Nursing Home

By Nick Gilmore

Published: 30 Jun, 2023

Friday

The stroke rehab ward at The Hospital called me at mid-day to say that Mum had left the ward with her discharge meds and was in the “Departure Lounge” waiting for her transport.

I’d already tried calling the Epping Forest Home. Their reception phone disconnected after half a dozen rings. I emailed them too. No response there either.

I fought my way round the M25 and made it to the home by mid-afternoon. It looked very nice even though the side that faces the road is a building site. The problem was that mum hadn’t yet arrived. There is a 3pm cut-off for receiving patients on a Friday because after that time they can’t register them with the GP or get a top-up for any shortage of meds.

By 5pm the home had already got my seal of approval. They’d just made me a lovely cup of tea. And it came with biscuits. I hadn’t had a biscuit in 18 months. Still no sign of Mum though.

Mum arrived at 17:20 and was transferred to bed. She was knackered. As Youngest Sister said, she was glad she has arrived safely and that it was nice that she saw a familiar face when she got there.

By 6pm, Mum was settled in her room. It was the most lucid and fluent she’d been since leaving the general medical ward at The Hospital. She was with it enough for me to be able to successfully orient her and she seemed to know where she was as it wasn’t that far from where she and Dad got married and not far either from Mum and Dad’s first flat together. The nursing team with us were both delighted and relieved that Mum was aware of where she was. She must have been tired though because she turned down food. If she’d been in Discharge since 12 then she’d missed lunch at The Hospital.

There was lots of information to send out. Where and where not to park, how to get in and out of the building, where Mum’s room was, the option to take on the phone system to get to the team looking after Mum and so on. And visiting times of course. They made interesting reading. Visits were encouraged and they said they could be at any time. Having said that they preferred that we didn’t visit at meal times which are 08:30-09:00, 12:30-13:30 and 17:00-18:30. We should try to avoid doctor’s rounds too. Doctor’s rounds are done during the morning.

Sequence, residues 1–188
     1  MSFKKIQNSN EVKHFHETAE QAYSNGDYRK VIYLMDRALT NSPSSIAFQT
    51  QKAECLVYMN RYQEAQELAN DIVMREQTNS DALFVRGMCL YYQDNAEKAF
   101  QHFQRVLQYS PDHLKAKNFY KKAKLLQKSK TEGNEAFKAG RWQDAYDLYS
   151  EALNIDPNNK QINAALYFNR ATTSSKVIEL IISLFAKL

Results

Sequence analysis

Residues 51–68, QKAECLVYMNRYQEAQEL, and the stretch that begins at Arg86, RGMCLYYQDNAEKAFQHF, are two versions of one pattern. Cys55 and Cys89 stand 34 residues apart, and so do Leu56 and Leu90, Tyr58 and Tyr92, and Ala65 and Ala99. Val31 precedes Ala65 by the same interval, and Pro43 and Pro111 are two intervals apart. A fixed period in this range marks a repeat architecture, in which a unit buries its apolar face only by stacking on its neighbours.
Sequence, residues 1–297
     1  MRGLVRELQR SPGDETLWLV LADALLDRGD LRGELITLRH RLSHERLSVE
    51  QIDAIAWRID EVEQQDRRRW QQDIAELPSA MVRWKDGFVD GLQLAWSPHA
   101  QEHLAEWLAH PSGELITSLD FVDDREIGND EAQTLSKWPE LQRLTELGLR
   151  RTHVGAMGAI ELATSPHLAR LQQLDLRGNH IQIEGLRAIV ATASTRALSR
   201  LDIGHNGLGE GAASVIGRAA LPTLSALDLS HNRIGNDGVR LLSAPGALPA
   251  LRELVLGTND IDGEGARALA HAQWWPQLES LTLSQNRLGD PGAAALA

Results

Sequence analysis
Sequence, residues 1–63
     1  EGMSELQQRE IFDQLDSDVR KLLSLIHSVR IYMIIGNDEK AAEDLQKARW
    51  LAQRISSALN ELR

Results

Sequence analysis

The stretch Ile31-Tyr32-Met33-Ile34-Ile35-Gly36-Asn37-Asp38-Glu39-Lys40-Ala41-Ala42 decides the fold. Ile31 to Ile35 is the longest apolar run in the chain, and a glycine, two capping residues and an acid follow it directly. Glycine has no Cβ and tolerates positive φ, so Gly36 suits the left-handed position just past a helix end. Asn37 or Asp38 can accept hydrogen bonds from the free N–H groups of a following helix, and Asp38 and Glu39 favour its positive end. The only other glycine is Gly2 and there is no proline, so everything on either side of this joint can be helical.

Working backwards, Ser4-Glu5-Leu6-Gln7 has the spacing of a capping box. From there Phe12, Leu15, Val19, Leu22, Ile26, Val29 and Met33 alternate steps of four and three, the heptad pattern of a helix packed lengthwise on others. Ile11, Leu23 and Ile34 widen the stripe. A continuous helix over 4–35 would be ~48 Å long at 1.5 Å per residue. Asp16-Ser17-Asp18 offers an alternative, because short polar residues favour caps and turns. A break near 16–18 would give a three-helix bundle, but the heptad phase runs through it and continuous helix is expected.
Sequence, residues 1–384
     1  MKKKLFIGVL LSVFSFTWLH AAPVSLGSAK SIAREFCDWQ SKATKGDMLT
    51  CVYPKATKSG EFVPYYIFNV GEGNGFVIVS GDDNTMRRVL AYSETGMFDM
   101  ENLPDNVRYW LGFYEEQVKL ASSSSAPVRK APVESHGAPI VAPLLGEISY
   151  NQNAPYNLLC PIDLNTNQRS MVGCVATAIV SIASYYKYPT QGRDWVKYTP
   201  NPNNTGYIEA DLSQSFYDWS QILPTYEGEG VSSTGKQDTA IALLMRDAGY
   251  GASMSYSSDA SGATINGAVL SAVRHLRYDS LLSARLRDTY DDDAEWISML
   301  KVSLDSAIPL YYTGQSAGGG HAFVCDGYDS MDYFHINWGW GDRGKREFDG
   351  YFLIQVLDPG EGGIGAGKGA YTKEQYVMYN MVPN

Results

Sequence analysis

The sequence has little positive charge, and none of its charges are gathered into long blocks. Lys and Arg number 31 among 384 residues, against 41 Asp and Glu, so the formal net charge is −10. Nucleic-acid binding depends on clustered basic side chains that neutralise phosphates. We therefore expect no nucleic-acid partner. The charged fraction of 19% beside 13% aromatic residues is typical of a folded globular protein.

There was a form for the DNR policy. The DNR policy we all agreed before only applied within the hospital so there was a new form to fill in. I was too tired to take it in at first reading but it did seem to lean towards patients with a proper power of attorney in place. I’ll give it a proper read in the morning.

I could apply for access to Mum’s medical records online – another form to fill in

I had to sign giving consent to take Mum’s photo so it could be stored on her patient profile – presumably so they could be sure they were giving the right person the right treatment

I had to give consent – with reasons – for them to use bedrails!

There was a booklet to fill in called All About Me. Personal and family details, activities, TV/radio, dietary preferences, personal care preferences, clothing preferences, when the preferred bedtime is, window open or closed. I was going to need help with that

I also learned that the email address on the home’s website wasn’t to be trusted. While I was waiting for mum I heard the lady on reception tell two of the nursing team that no-one’s had access to it for years. 

Author’s Note

My Mum is in a nursing home in a small village in the Thames Valley. The photo is not of the home. I used an AI image generator to give the reader some idea of the home she’s in.

All, some or maybe even none (you’ll never know!) of the names have been changed to protect privacy and hide real identities. If you think you recognise someone then let me know and I’ll edit the post or remove it entirely

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